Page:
Today is Julia Child’s birthday; she would have been ninety-nine years old. This year also marks the fiftieth anniversary of Mastering the Art of French Cooking.
Julia Child taught people so much through her cookbooks and television shows; she constantly inspired. I bought her autobiography My Life in France about two years ago and I loved reading it as well as looking at her artist husband Paul’s photographs, which greatly adds to the reading experience and charm (especially their own holiday cards and that were depicted in Julie and Julia).
My Life in France covers the period from when Julia first went to Paris, France, tagging along with her husband who had been offered a job to run the Visual Presentation Department for the United States Information Service (USIS) in Paris. Determined to be a better cook – years later, Paul would tell an interview that “Her first attempts were not altogether successful”; growing up, she had had “zero interest in the stove” and was not encouraged to cook – she enrolled herself at Le Cordon Bleu and the rest is considered history.
Click after the jump for more images and info.
Last Friday was my birthday. I don’t really have any recipes to share from that day but I thought I’d share photos of the day with you all here. The food I ate wasn’t gluten-free, though I am inspired to recreate my own versions that would also be refined sugar-free and (possibly) dairy-free. The only thing that was almost gluten-free was my chocolate mousse birthday cake, the only wheat being in the cake base. The mousse itself didn’t have any gluten.
I went out to lunch with my grandmother. Here, I had a grilled roast lamb sandwich. It had said lamb, with baby salad greens, ripe pear, and mayonnaise. Something I’d definitely love to eat at home! It was so flavourful with the lamb and pear balancing each other perfectly.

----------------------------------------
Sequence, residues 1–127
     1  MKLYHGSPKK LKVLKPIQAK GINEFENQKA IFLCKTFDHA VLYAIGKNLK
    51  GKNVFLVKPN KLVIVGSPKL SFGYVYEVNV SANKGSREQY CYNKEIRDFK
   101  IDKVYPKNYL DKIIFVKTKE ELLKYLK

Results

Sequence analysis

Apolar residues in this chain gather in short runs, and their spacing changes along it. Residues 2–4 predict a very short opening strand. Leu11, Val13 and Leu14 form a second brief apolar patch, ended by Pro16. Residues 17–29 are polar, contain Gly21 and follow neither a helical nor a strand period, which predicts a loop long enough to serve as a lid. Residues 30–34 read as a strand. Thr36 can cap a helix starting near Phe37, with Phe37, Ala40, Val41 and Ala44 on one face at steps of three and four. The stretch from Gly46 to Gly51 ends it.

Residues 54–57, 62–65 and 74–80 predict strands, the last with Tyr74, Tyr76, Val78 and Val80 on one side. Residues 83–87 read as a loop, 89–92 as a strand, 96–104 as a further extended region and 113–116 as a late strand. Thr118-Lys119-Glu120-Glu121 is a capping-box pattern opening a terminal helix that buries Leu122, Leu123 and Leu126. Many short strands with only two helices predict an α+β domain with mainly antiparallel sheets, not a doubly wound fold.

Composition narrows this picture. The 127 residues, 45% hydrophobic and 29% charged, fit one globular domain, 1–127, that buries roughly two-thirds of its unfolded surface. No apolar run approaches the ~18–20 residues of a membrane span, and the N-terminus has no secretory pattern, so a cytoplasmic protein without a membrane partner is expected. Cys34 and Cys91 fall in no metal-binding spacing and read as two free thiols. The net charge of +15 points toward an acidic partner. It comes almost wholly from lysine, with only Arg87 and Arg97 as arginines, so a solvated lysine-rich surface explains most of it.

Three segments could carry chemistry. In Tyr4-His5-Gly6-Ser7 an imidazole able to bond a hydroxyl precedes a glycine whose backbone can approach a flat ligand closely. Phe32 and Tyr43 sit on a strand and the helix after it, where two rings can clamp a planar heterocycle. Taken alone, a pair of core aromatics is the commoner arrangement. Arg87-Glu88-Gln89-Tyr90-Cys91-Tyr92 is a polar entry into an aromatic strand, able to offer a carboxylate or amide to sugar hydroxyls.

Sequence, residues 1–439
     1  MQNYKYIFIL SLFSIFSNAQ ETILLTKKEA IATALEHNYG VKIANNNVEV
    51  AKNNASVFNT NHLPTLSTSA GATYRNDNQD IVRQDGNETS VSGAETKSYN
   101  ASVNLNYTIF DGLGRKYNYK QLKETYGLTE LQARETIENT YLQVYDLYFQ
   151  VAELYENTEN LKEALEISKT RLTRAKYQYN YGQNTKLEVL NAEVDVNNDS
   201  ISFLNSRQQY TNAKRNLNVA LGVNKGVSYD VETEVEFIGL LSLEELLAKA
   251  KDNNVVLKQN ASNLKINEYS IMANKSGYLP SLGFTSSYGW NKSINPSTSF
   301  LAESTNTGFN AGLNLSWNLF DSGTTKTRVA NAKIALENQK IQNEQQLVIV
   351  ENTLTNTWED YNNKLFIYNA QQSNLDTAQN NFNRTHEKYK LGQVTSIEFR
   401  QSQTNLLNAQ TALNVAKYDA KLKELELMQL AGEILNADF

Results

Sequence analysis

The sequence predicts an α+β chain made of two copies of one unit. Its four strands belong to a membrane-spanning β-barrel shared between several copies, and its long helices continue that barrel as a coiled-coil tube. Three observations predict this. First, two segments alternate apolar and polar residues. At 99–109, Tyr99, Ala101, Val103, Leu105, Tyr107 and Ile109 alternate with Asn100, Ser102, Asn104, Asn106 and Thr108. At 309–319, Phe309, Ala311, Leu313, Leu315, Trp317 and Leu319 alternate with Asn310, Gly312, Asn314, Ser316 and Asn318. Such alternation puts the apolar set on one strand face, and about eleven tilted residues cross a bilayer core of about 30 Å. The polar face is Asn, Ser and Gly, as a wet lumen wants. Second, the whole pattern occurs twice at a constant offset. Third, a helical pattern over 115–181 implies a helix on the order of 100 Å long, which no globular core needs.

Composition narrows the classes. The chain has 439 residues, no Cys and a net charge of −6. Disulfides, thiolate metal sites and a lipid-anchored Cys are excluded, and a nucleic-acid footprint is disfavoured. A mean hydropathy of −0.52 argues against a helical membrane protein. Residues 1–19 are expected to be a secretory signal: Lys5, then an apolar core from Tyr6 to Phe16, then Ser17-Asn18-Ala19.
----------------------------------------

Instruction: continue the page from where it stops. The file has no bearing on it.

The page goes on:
Then there was dessert: a princess cake for me and a passion fruit mango mousse for my grandmother. Those marks on the mousse are chocolate smears! My grandmother and I were marveling over that for a minute or two. I said, “Isn’t that amazing!” Realizing what I said, “You know what’s amazing, though? That I think that a smear of chocolate is amazing.” Oi!
We all love pumpkin pie. I pretty much like everything pumpkin – the only thing I’ve yet to try is pumpkin in soups or for that matter, anything savory. For years I wrinkled my nose at pumpkin soups and pumpkin in anything savory, even though I never tried it (and still haven’t tried it, yet I’ve warmed to the idea of pumpkin soup considerably since: enough for me to be willing to try it, particularly this one from Kim right now.)
Today isn’t about soup or, for that matter, anything that is savory or about the autumnal, orange glory that is pumpkin. We’re looking at another gourd, or squash, that I’ve learned to recognize by its slight hourglass shape – or is it pear-shaped? – the butternut squash. I’ll cut to the chase here – it makes fantastic pie, some even swear it’s better than pumpkin pie. Ever since I read that (in a blog’s comments thread, no less) I was keen to try it and see – taste – for myself. “Better than pumpkin pie?”
Oh, yes! That’s what I said out loud when I first tasted it. Though I did not have a mirror at the time, I am sure that my eyes sparkled at that moment as it washed over my taste buds. It was dreamy. It’s the pumpkin pie that I’ve wanted to recreate at home for ages and now have, but even better indeed than any pumpkin pie that I’ve tasted, homemade or from the store. (Pumpkin pie hasn’t gone completely out the window, though – I mean, I still like pumpkin.)
I also thought that it would be a great way to celebrate my first blog anniversary.